The TED Office Salons: Not Your Father’s Corporate Training


Above: Charles Duhigg, Amy Web, Jay Silver, and Jill Duffy at the TED Salons.

TED walks the talk when it comes to training, learning, and inspiration in its own organization.


TEDTalks and conferences are great resources for anyone looking to gain insight on a variety of intellectual topics. But what would it be like to work at the TED office? Well for one, they hold “salons” for their employees where noteworthy speakers lecture on innovative life hacks.

So what separates this lecture series from any other? Often when larger companies bring in experts, the goal is to improve workplace productivity and efficiency. Their bottom line motivation is money.

Not TED. Recently, the TED offices featured four speakers that shared advice about finding flexibility in life and becoming happier, more productive people. Their focus wasn’t on pumping out more results in the workplace, but rather discovering life hacks to help employees become happier overall. Moreover, many studies have revealed that a balanced life outside of work results in more productivity and overall job satisfaction.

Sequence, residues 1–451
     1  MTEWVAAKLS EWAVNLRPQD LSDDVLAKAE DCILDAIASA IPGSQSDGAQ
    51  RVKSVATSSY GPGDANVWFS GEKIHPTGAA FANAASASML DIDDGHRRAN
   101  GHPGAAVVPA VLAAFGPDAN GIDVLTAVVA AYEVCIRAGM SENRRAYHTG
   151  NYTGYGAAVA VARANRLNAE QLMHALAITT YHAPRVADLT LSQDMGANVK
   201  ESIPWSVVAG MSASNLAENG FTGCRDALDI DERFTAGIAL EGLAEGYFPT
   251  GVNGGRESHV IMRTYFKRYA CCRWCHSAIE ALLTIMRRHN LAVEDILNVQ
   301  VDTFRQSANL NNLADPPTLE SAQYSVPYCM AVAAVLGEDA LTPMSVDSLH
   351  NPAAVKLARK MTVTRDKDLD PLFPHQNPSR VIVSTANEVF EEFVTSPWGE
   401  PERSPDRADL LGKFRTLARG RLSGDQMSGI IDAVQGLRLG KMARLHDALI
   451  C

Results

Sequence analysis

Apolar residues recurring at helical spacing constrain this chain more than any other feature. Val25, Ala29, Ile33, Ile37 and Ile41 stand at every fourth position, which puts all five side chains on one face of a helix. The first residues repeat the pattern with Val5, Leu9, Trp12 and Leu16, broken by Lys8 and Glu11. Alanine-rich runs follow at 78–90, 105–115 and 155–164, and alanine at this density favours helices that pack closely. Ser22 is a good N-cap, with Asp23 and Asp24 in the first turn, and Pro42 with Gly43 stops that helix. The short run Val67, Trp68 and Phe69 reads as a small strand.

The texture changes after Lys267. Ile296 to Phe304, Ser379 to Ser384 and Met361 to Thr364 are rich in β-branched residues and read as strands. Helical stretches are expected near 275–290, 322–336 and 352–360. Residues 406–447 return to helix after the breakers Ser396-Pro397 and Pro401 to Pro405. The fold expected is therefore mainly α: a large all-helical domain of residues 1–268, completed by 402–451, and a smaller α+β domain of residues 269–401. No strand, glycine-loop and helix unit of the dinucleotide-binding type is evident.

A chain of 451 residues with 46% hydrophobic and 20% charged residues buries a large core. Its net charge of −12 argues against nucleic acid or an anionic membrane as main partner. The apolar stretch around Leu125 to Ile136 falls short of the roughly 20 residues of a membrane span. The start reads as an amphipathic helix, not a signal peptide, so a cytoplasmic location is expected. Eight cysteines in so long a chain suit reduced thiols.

Nevertheless, many of these life hacks will help employees perform better at work; more importantly though, it will make them happier at work. Speaker and tech reporter, Jill Duffy shared tips to help manage emails. Specifically, she explained, “Keep your unread emails to about a page, save canned responses or email templates so you don’t always end up typing the same thing, and don’t be afraid to delete emails — and let go of the obligations that they represent.”

These salons are just one more way we’re beginning to see the workplace transforming. Change agents include bosses who are becoming more flexible and compassionate, and HR representatives who are thinking outside the box when it comes to face time.